for building an Argentine anthropology of work. in anthropological studies, it more often shows up as
To position ourselves in this way is not to imply a re- a marker (in economic explanations) or, in cultural analyses,
ductionist economic focus—in fact, we intend the reverse. as part of the mix in the construction of identities. I argue,
We think that unemployment processes must be seen in rela- however, that the anthropology of work should be more
tion to the labor market. But above all, we think that indi- central in Argentina, given the prominent place of the worker
viduals’ ways of identifying themselves as workers are not in the national history and imagination.
erased with unemployment, especially in a country in which When I refer to work, I realize that I need to clarify
high employment rates in the formal sector characterized the what I mean and define some theoretical boundaries, since
population and was a source of pride and identity. In this my goal is to bring work conceptually to the center of our
case, an anthropology of work perspective can be used to analyses.
understand the constitution of new subjectivities. First, the focus here is on the social relations of capi-
talist production. By this, my colleagues and I refer to work
Reconstructing Subfields as historically and socially constituted in societies in which
Anthropology’s subfields have been historically con- capitalist relations of production have been dominant.
structed based on the specific problematics articulated in Capitalist relations of production are by no means homoge-
the constitution of large departments and funding organi- neous. On the contrary, our task in the anthropology of
zations. These groups have defined the scientific concepts work is to look at the heterogeneity of subjectivities within
and perspectives used for viewing social life (cf. Appadurai capitalist relations of production, as they have been vari-
2002; Gledhill 2000; Menéndez 2000; Vincent 1998, 2002). At ously constituted in time and space. We have an opportu-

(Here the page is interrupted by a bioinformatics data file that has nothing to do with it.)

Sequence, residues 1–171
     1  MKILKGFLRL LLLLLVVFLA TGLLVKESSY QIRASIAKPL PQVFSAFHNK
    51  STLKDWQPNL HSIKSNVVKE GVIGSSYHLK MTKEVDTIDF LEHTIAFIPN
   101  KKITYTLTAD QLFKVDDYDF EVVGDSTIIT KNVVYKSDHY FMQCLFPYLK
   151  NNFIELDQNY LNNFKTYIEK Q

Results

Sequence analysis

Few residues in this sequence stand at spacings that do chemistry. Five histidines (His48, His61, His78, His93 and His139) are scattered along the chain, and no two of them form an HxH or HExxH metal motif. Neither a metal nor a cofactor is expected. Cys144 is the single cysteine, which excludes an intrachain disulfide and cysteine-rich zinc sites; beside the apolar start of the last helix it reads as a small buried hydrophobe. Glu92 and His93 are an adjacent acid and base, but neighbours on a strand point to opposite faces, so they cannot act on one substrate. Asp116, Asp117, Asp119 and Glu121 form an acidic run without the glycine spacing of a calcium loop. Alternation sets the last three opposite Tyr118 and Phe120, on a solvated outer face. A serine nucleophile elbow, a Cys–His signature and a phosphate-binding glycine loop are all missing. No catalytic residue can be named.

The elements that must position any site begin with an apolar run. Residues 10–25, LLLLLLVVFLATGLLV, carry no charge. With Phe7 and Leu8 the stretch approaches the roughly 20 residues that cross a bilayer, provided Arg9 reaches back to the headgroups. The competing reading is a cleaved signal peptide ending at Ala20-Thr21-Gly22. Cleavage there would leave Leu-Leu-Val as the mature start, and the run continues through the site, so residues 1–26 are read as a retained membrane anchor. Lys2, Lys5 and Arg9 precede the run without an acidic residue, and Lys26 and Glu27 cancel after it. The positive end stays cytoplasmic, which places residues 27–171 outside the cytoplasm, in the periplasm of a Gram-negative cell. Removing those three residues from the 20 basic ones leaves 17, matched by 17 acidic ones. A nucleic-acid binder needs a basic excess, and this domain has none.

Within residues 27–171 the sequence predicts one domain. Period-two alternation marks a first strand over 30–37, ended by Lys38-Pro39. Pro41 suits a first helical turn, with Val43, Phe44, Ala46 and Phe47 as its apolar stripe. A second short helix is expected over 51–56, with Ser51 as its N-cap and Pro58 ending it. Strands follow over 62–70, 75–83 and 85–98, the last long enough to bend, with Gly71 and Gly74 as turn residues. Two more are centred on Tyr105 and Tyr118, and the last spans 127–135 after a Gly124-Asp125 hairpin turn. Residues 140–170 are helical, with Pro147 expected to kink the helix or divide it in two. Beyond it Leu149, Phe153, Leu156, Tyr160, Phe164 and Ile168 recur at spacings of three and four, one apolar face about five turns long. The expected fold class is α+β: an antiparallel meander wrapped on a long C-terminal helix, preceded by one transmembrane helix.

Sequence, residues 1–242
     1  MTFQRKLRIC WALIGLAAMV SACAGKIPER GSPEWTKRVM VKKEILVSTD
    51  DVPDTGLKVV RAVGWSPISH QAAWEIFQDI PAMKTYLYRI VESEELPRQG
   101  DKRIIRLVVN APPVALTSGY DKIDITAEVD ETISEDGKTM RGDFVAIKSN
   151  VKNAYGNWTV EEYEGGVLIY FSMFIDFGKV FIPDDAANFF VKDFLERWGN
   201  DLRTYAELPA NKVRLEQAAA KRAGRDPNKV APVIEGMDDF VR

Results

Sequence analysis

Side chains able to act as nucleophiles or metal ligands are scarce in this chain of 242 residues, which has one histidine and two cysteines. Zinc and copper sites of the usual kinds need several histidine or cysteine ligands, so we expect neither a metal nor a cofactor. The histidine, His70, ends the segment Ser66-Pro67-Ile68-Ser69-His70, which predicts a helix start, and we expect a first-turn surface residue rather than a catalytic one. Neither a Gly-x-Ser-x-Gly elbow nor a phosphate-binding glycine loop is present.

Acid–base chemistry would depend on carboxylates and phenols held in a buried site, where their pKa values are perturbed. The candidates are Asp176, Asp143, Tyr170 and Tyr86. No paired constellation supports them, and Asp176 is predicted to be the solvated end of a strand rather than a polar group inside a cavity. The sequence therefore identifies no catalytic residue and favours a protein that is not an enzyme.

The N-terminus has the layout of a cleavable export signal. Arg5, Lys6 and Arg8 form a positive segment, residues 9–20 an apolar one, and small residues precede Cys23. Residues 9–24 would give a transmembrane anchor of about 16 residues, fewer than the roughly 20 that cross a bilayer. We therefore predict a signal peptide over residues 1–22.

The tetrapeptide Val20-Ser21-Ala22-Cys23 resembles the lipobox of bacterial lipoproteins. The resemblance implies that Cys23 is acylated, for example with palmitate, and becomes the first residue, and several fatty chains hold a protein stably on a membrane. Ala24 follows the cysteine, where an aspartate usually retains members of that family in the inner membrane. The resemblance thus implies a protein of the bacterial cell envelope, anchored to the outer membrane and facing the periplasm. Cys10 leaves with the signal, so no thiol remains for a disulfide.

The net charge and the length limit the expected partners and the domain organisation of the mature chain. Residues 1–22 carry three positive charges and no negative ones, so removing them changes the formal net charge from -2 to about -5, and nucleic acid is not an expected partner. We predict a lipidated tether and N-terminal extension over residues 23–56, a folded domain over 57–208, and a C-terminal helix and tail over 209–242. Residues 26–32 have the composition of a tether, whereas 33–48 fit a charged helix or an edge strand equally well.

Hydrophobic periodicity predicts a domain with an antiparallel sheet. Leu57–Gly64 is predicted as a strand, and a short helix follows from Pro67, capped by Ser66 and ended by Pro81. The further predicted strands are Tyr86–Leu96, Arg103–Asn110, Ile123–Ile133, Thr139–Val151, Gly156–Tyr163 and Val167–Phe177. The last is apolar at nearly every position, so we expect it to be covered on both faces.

the University of Buenos Aires, for example, large research nity to better understand social complexity through this
teams have always included work as a topic of investiga- form of analysis in the anthropology of work.
tion, but always in relation to other issues. Work has not As Polanyi (1989) said, capitalism was not just a “great
been the central conceptual and methodological focus of transformation;” it was complex and heterogeneous. Changes
many studies; work has been more often a contextual factor have not just been at the production level, but have also
than a way to explain social life. It is not that work has been established new subjectivities, new social organizations and
absent from anthropological research—in fact, it appears relations, and have limited the range of legitimate activities
almost constantly. In economic anthropology, political an- through which individuals could earn money. Juridical
thropology, and anthropological studies of consumption, systems have also changed, providing legal support for new
education, and health, work appears, but not as the central forms of production and exploitation.
focus of investigation (cf. Visacovsky and Guber 2002; That is how we came to have a work ethic or work
Frederic and Soprano 2005). culture. Here, this is understood as the need to earn a living.
There are some social science disciplines in which sub- In Marxist theory, work culture would mean that the place
fields focused on work are well-established. The sociology one occupies in the chain of production determines the way
of work, for example, gained prominence in the 1960s in which one sees oneself in relation to the world. The work

Volume XXVIII, Number 1 9


Anthropology of Work Review

ethic is an ideology. According to Bauman (2000), there are temporary employment, or employment without benefits;
two explicit premises and two tacit assumptions in this and new worker strategies for survival. All of these changes
capitalist work ethic. The first premise is that in order to get have to be understood in relation to each other. I propose
what you need to live and be happy, it is necessary to do that the anthropology of work needs to take into account
something that others consider valuable and worthy of certain activities and relations that are not strictly labor con-
payment. The second premise is that you do not have to be siderations, because of this broader social context (Perelman
satisfied with what you have, but that it is always necessary 2004, 2006).
to seek more. The first tacit assumption is that everyone has
the capacity to offer themselves on the labor market and Work, Poverty, and Unemployment
make a living by selling their labor. Following that line of The anthropology of work is a particularly relevant
argument, work for cash comes to be seen as a normal con- disciplinary lens to use in understanding the subjective expe-
dition of life; to be unemployed is, then, considered abnor- riences of unemployed people. As I have argued, Argentina
mal. The other tacit assumption imbued in this work ethic is constitutes a special case when it comes to discussing un-
that only labor that is valued through the market is consid- employment, since the identity of ‘worker’ has been tradi-
ered work; not every activity is considered valuable work in tionally such a strong identity in the nation. Although
modern society (Weber 1980, 1999). Argentina cannot be considered a welfare society (cf. Castel